Web Exclusive: China coming to terms with bird flu control requirements

Agriculture minister speaks out on the difficulties of controlling avian influenza in China.

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China is finally coming to terms with the enormous task it faces in trying to control H5N1, the viral strain causing highly pathogenic avian influenza (HPAI). This is inevitably and closely tied to the equally long and difficult task of modernising the country’s massive farming sector, claimed the agriculture ministry in an August 2007 statement. China no longer has to worry about mass starvation but over 60% of its 1.3 billion people live in the countryside and earn just one-third of their city cousins.

With the world's biggest poultry population including many millions of backyard birds roaming free, China is at epicentre of the fight against AI. Food safety and animal disease problems like bird flu are the result of this kind of backwardness, said the Deputy Agriculture Minister, Yin Chengjie adding, “Preventing bird flu and other animal disease is quite difficult.” According to the ministry, there have been 25 human cases of H5N1 HPAI, including 16 deaths in China and dozens of outbreaks in poultry, causing the culling of millions of birds.

In May, Li Jiango, deputy director of Centre for Public Health Emergencies in the health ministry said that China needed more funds to fight bird flu. With the world’s biggest poultry flock alongside the largest human population, China is at unique risk from avian influenza, claimed Jiango. “Crucial area in the fight against bird flu is the countryside”, he said. Medical facilities and people’s knowledge about the disease are quite weak”, he told the audience at a ceremony to celebrate receipt of a US$2.65 million grant from World Bank to fight the disease.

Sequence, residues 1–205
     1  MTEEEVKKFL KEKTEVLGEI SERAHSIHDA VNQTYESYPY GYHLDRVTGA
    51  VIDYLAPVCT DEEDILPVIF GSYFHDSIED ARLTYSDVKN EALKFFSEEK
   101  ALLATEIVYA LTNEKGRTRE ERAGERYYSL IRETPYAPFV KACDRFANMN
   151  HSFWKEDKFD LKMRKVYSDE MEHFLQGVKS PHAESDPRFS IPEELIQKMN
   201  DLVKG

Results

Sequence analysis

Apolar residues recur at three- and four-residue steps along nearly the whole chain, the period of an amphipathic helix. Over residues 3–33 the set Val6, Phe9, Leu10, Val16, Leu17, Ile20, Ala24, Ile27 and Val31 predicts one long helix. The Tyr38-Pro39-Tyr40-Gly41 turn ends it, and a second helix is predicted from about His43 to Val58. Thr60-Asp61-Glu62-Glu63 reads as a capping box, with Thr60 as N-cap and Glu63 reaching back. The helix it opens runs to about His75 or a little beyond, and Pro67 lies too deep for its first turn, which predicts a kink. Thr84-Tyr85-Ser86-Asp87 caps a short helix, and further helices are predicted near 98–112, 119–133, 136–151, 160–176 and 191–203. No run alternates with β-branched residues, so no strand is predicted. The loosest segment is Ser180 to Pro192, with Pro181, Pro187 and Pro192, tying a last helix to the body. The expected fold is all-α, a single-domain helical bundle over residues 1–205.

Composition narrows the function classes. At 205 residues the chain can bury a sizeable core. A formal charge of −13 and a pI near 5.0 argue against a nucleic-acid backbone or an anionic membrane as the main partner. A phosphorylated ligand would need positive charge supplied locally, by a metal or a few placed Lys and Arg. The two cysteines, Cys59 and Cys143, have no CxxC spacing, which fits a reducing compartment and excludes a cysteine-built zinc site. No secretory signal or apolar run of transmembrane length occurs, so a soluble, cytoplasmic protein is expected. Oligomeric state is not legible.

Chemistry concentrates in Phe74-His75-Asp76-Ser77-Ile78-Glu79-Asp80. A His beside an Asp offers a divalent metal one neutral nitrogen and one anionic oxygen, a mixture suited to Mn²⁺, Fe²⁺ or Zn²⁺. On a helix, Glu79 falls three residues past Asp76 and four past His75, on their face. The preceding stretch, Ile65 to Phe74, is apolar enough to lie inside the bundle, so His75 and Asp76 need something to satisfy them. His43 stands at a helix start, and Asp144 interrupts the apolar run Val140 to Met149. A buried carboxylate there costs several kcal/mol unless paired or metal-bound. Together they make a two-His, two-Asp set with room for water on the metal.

As if to underline this threat, the Chinese government had recently announced what looked like a serious outbreak in the central province of Hunan. They reported over 11,000 birds having died and almost 53,000 requiring destruction in a short statement on 19 May.

Emphasising that China is still a developing country despite rapid industrialisation and phenomenal growth rates, Jiango paid tribute to government investment in fighting AI but pleaded for more money and technical assistance. At the root of China’s poultry problem with H5N1 and risk of a human pandemic is that more than half of poultry are raised in backyards in close contact with people. WHO epidemiologist, Nima Asgari, was cautious about avoiding a human pandemic. “Just because an avian influenza pandemic has not happened yet and media attention is elsewhere, it does not mean that the very real threat has gone away”, said Asgari.

China has a poor record for detailed reporting of H5N1 events. In a clear reference to this gap, Elaine Sun (World Bank’s China operations manager), said World Bank hoped its China funding would help improve detection, reporting and planning. Since September 2006, China has only logged two H5N1 outbreaks in poultry (Tibet in March 2007 and Hunan in May 2007) with the OIE (World Organisation for Animal Health). China recorded 13 human cases in 2006 and four so far in 2007.
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